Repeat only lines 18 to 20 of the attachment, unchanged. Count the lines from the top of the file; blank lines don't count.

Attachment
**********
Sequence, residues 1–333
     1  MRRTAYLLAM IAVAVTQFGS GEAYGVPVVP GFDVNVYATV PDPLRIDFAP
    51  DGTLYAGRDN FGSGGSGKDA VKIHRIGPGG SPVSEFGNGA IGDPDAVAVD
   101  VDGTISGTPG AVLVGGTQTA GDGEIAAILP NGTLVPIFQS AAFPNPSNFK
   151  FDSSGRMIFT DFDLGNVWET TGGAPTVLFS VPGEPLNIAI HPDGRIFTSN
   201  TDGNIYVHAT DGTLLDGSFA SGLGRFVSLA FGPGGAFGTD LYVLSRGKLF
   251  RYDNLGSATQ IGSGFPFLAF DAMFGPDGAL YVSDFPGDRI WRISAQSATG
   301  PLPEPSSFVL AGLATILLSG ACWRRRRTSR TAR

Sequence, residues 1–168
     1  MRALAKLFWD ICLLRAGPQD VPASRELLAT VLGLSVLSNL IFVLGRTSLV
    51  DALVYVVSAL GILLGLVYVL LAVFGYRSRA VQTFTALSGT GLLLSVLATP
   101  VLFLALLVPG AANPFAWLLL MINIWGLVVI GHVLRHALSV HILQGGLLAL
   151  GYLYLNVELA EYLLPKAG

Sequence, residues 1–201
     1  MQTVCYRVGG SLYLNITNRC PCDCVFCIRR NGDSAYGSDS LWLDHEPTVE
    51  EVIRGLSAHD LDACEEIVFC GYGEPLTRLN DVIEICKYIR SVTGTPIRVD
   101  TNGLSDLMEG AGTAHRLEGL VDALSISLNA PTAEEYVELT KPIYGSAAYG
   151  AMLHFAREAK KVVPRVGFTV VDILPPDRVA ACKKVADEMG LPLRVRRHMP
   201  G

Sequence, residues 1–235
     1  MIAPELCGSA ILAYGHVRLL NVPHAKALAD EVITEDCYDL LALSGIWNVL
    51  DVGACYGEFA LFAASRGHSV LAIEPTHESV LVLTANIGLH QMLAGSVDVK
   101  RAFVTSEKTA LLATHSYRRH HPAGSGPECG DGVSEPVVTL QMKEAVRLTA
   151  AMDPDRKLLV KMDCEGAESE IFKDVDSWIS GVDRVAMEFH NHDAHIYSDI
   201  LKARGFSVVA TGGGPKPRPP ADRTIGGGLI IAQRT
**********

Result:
   151  AMLHFAREAK KVVPRVGFTV VDILPPDRVA ACKKVADEMG LPLRVRRHMP
   201  G

Sequence, residues 1–235